Sodium chloride
IUPAC name
Sodium chloride
Other names
Common salt

Rock salt
Sodium chloric

Table salt
3D model (JSmol)
ECHA InfoCard 100.028.726 Edit this at Wikidata
EC Number
  • 231-598-3
MeSH Sodium+chloride
RTECS number
  • VZ4725000
  • InChI=1S/ClH.Na/h1H;/q;+1/p-1 checkY
  • InChI=1/ClH.Na/h1H;/q;+1/p-1
  • [Na+].[Cl-]
Molar mass 58.44 g mol−1
Appearance Colorless crystals
Odor Odorless
Density 2.165 g cm−3
Melting point 801 °C (1,474 °F; 1,074 K)
Boiling point 1,413 °C (2,575 °F; 1,686 K)
359 g L−1
Solubility in ammonia 21.5 g L−1
Solubility in methanol 14.9 g L−1
Acidity (pKa) 6.7–7.3
Basicity (pKb) 6.7–7.3
1.5442 (at 589 nm)
Face-centered cubic
(see text), cF8
Fm3m, No. 225
a = 564.02 pm
Octahedral (Na+)
Octahedral (Cl)
36.79 J K−1 mol−1
72.11 J K−1 mol−1
-411.12 kJ mol−1
NFPA 704 (fire diamond)
NFPA 704 four-colored diamondHealth 0: Exposure under fire conditions would offer no hazard beyond that of ordinary combustible material. E.g. sodium chlorideFlammability 0: Will not burn. E.g. waterInstability 0: Normally stable, even under fire exposure conditions, and is not reactive with water. E.g. liquid nitrogenSpecial hazards (white): no code
Lethal dose or concentration (LD, LC):
3000–8000 mg/kg (oral in rats, mice, rabbits)[1]
Related compounds
Other anions
Sodium fluoride
Sodium bromide
Sodium iodide
Other cations
Lithium chloride
Potassium chloride
Rubidium chloride
Caesium chloride
Supplementary data page
Sodium chloride (data page)
Except where otherwise noted, data are given for materials in their standard state (at 25 °C [77 °F], 100 kPa).
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Sodium chloride, also known as salt, common salt, table salt or halite, is an ionic compound with the formula NaCl. Sodium chloride is the salt most responsible for the salinity of the ocean and of the extracellular fluid of many multicellular organisms. As the major ingredient in edible salt, it is commonly used as a condiment and food preservative.


Solubility of NaCl in various solvents
(g NaCl / 1 kg of solvent at 25 °C)[2]
H2O 360
Formamide 94
glycerin 83
propylene glycol 71
Formic acid 52
Liquid ammonia 30.2
Methanol 14
Ethanol 0.65
Dimethylformamide 0.4
1-propanol 0.124
Sulfolane 0.05
1-butanol 0.05
2-propanol 0.03
1-pentanol 0.018
Acetonitrile 0.003
Acetone 0.00042

See also: Cubic crystal system

Sodium chloride forms crystals with face-centered cubic symmetry. In these, the larger chloride ions are arranged in a cubic close-packing, while the smaller sodium ions, fill all the cubic gaps between them. Each ion is surrounded by six ions of the other kind; the surrounding ions are located at the vertices of a regular octahedron. This same basic structure is found in many other minerals and is commonly known as the halite or rock-salt crystal structure. It can be represented as a face-centered cubic (fcc) lattice with a two atom basis or as two interpenetrating face centered cubic lattices. The first atom is located at each lattice point, and the second atom is located half way between lattice points along the fcc unit cell edge.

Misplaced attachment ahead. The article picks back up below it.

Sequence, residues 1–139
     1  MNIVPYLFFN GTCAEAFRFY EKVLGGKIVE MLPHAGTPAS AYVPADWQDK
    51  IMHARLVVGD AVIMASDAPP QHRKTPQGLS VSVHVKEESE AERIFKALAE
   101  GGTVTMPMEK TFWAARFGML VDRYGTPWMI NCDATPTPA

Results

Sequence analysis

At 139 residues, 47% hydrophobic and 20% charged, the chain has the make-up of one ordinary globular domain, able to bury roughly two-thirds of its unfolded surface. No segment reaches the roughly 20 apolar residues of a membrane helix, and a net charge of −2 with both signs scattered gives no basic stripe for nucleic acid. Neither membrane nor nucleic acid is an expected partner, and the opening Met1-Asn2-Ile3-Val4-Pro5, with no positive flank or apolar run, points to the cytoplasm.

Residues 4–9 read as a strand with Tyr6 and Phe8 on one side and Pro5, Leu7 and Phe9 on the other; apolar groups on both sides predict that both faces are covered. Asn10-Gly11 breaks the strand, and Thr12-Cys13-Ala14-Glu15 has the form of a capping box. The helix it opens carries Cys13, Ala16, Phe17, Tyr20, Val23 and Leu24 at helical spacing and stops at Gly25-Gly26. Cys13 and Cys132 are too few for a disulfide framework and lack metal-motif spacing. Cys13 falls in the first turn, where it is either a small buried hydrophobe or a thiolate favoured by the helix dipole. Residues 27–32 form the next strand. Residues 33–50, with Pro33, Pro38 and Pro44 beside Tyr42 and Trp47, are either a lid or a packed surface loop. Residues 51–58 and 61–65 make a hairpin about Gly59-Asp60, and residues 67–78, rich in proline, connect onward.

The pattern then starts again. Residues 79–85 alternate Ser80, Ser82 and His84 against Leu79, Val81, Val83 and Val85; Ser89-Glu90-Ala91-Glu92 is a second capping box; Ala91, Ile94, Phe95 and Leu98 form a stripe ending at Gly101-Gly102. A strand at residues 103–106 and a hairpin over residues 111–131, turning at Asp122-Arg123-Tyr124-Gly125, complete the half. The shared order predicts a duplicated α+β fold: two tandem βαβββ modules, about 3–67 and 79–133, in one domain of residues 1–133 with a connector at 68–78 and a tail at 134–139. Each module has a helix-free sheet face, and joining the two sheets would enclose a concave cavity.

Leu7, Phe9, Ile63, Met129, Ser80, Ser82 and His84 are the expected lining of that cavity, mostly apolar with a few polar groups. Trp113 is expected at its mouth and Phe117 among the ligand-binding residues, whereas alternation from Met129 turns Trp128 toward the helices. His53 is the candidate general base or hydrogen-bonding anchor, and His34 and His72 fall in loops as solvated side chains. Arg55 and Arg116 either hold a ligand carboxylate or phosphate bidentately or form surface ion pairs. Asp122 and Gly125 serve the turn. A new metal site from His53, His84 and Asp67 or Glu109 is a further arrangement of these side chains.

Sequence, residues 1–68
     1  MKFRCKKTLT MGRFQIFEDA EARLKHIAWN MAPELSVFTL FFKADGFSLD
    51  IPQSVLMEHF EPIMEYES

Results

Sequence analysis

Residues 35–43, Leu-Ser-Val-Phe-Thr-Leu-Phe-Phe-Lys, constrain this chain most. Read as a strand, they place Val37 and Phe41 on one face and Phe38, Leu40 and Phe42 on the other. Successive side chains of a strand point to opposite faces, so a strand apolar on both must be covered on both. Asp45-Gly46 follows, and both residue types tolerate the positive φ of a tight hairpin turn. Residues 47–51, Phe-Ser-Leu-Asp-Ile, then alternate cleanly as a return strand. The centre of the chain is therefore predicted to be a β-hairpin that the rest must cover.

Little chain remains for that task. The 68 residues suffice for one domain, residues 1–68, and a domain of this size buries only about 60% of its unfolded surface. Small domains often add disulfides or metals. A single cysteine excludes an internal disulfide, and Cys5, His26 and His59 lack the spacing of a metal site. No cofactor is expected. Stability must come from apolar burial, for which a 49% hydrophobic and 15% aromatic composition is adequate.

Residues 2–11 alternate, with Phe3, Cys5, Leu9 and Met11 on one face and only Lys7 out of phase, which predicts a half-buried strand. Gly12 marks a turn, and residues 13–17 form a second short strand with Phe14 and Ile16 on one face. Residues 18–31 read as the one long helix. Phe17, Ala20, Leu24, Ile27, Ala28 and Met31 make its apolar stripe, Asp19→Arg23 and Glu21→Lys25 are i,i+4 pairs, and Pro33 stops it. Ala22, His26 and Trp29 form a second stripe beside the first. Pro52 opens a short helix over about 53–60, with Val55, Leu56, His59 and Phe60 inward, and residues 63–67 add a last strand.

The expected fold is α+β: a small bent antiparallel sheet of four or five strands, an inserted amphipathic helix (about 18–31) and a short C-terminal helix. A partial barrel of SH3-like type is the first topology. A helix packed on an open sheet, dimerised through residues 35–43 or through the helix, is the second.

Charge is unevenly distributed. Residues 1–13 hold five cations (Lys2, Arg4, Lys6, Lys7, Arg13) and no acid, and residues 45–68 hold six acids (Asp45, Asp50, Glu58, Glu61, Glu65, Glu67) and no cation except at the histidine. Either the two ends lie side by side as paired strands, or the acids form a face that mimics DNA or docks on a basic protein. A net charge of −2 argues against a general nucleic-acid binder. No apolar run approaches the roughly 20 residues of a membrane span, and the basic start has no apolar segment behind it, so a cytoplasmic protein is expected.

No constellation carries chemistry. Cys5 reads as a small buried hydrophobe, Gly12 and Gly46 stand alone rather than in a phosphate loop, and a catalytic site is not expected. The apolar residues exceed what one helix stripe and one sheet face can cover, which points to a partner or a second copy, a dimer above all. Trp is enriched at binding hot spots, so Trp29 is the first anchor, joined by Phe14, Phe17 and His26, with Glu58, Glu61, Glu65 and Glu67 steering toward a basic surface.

Thermal conductivity of pure NaCl as a function of temperature has a maximum of 2.03 W/(cm K) at 8 K and decreases to 0.069 at 314 K (41 °C). It also decreases with doping.[3]

Small particles of sea salt are the dominant cloud condensation nuclei well out at sea, which allow the formation of clouds in otherwise non-polluted air.[4]


Modern rock salt mine near Mount Morris, New York, United States

Salt is currently mass-produced by evaporation of seawater or brine from other sources, such as brine wells and salt lakes, and by mining rock salt, called halite. The United States had been the world’s leading salt producer until 2005, when it was surpassed by China.[5] In 2010, world production was estimated at 270 million tonnes, the top five producers (in million tonnes) being China (60.0), United States (45.0), Germany (16.5), India (15.8) and Canada (14.0).[6]


As well as the familiar uses of salt in cooking, salt is used in many applications, from manufacturing pulp and paper, to setting dyes in textiles and fabric, to producing soaps, detergents, and other bath products. It is the major source of industrial chlorine and sodium hydroxide, and used in almost every industry.[5]

Sodium chloride is sometimes used as a cheap and safe desiccant because of its hygroscopic properties, making salting an effective method of food preservation historically; the salt draws water out of bacteria through osmotic pressure, keeping it from reproducing, a major source of food spoilage. Even though more effective desiccants are available, few are safe for humans to ingest.

The distribution of salt consumption in the US in 2008 was as follows: ice control 43%; chemicals 35%; wholesale and retail sales 8%; agricultural, food processing, general industrial, and primary water treatment applications consume 3% each. The amounts used for ice control vary significantly over time due to weather fluctuations that strongly affects the salt price.[5]

Road salt

Phase diagram of water-NaCl mixture.

While salt was once a scarce commodity in history, industrialized production has now made salt plentiful. Approximately 51% of world output is now used by cold countries to de-ice roads in winter, both in grit bins and spread by winter service vehicles. Calcium chloride is preferred over sodium chloride, as CaCl2 releases energy upon forming a solution with water, heating any ice or snow it is in contact with. It also lowers the freezing point, depending on the concentration (see image and data table). Whereas the minimum freezing point is −21.12 °C for 23.31 wt% of salt, the freezing near this concentration is so slow that the eutectic point of −22.4 °C can be reached with about 25 wt% of salt.[7] NaCl does not release heat upon solution; however, it does lower the freezing point. Calcium chloride is thought to be more environmentally friendly than sodium chloride when used to de-ice roads, however a drawback is that it tends to promote corrosion (of vehicles) more so than sodium chloride. NaCl is also more readily available and does not have any special handling or storage requirements, unlike calcium chloride.